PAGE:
Tristero's choice of action on this issue strikes me as dogmatism. He rejects the opinions of millions of Americans and scores of scholars and philosophers going back millennia without investigating them, because he just knows they have nothing to offer.

This is a good example of the kind of thing which I believe is deteriorating public discourse in America today and further dividing the country: one party flat-out refuses to investigate the arguments offered on a contentious issue by a substantial number of people, laity and scholar alike, preferring to inveigh against them and impugn all sorts of motives to them (near the end of his post, Tristero states, "I'm not wrong either about the ugly intentions of the Christianists," a group which apparently includes anyone who describes themself as Christian and also understands homosexual acts to be immoral; although elsewhere he seems to identify "Christianists" as those like Robertson and Falwell "and those who are even more radical in their mission to transform the US into an explicitly fundamentalist "christian" state," his usage of the term implies a broader scope, including non-fundamentalists like Scalia and Santorum [see this comment]). I am well aware that people on both sides of the aisle commit this intellectual crime. But usually, it's the right (in politics and religion) which is accused of being close-minded and dogmatic, when in fact, people on the left in both realms do the same, as Tristero evidences. I wonder, in fact, how he would respond if someone said, "anyone who attacks Bush and the war in Iraq is anti-American. I just know it."

If anyone thinks I've mischaracterized Tristero, feel free to comment. As I've said on numerous occasions, I'd be happy to be proven wrong, but nothing in the exchange of posts and emails thus far indicates that Tristero is not dogmatic, at least on this issue.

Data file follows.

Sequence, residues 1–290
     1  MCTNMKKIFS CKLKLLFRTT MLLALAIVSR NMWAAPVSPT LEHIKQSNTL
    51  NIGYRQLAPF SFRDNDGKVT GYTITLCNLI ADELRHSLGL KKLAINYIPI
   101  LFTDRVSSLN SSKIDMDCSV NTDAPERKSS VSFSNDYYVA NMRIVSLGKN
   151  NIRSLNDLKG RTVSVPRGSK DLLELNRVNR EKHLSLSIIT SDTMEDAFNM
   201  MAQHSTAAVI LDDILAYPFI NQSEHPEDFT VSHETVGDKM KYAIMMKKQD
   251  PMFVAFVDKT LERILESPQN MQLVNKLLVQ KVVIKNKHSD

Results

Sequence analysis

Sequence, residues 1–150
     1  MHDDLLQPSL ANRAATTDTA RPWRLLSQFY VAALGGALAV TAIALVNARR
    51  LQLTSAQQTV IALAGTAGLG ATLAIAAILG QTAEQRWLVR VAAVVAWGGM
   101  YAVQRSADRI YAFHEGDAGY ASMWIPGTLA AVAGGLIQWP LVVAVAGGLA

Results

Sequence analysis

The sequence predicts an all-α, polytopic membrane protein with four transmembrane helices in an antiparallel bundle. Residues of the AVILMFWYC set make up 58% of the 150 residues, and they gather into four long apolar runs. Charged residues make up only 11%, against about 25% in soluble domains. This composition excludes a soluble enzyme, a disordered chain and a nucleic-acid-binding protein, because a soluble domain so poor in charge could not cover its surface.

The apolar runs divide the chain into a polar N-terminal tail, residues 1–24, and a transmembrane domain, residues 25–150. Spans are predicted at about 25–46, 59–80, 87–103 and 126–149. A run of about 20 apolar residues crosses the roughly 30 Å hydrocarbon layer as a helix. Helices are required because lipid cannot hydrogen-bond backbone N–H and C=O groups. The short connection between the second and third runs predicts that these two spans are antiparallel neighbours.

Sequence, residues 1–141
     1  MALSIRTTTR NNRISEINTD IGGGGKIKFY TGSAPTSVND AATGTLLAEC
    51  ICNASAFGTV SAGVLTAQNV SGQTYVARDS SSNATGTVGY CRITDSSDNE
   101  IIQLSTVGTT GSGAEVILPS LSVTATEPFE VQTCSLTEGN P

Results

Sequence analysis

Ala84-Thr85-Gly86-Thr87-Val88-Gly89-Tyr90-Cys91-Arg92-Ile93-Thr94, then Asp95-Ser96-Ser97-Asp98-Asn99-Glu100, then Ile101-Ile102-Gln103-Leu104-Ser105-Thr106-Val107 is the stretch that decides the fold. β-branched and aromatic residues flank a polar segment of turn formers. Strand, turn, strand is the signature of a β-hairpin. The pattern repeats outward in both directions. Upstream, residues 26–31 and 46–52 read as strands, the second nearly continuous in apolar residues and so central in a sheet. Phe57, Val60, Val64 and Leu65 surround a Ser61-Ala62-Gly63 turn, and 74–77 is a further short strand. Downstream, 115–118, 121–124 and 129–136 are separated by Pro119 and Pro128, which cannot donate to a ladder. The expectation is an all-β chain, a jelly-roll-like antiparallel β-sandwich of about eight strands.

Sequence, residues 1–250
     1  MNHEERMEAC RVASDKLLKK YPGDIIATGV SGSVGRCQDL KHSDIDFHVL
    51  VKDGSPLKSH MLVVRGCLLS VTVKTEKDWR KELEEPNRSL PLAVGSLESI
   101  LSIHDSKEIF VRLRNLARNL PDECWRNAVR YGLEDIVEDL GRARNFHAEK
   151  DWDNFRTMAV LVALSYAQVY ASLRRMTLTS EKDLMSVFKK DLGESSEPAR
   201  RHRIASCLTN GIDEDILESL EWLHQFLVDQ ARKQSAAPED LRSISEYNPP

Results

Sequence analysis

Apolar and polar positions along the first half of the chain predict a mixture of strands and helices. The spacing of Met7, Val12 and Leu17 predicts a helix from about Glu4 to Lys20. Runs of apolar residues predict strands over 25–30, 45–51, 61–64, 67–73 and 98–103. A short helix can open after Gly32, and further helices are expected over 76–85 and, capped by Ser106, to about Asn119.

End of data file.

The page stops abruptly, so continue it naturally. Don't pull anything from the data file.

More generally (apart from this discussion with Tistero), it seems to me that reason is being thrown out... it's not the most rational case which wins the day, but the one offered by the side which shouts the loudest. In other words, might makes right.

(NB: I don't want to foster the impression that every liberal blogger out there is dogmatic on any issue, let alone every issue. And I want to reiterate that Tristero's dogmatism may very well be limited to the single issue of homosexuality; we haven't discussed much else, so I have no idea how broad his dogmatism is or is not.)

Addendum: it's definitely possible that not everyone has blogs because they are interested in a real exchange of ideas with others, whether in agreement or disagreement; some people may simply chose to "monoblogue" rather than "diablogue". Fine. People are, of course, free to do as they will. But I think they should accept some responsibility for the manner of public discourse when they decide to blog. I'm well aware that I've violated my own directive on this matter, and I've said as much on more than one occasion. But I also think that I've made a real effort to engage those with whom I disagree in a manner which I hope is more likely to promote the exchange of ideas.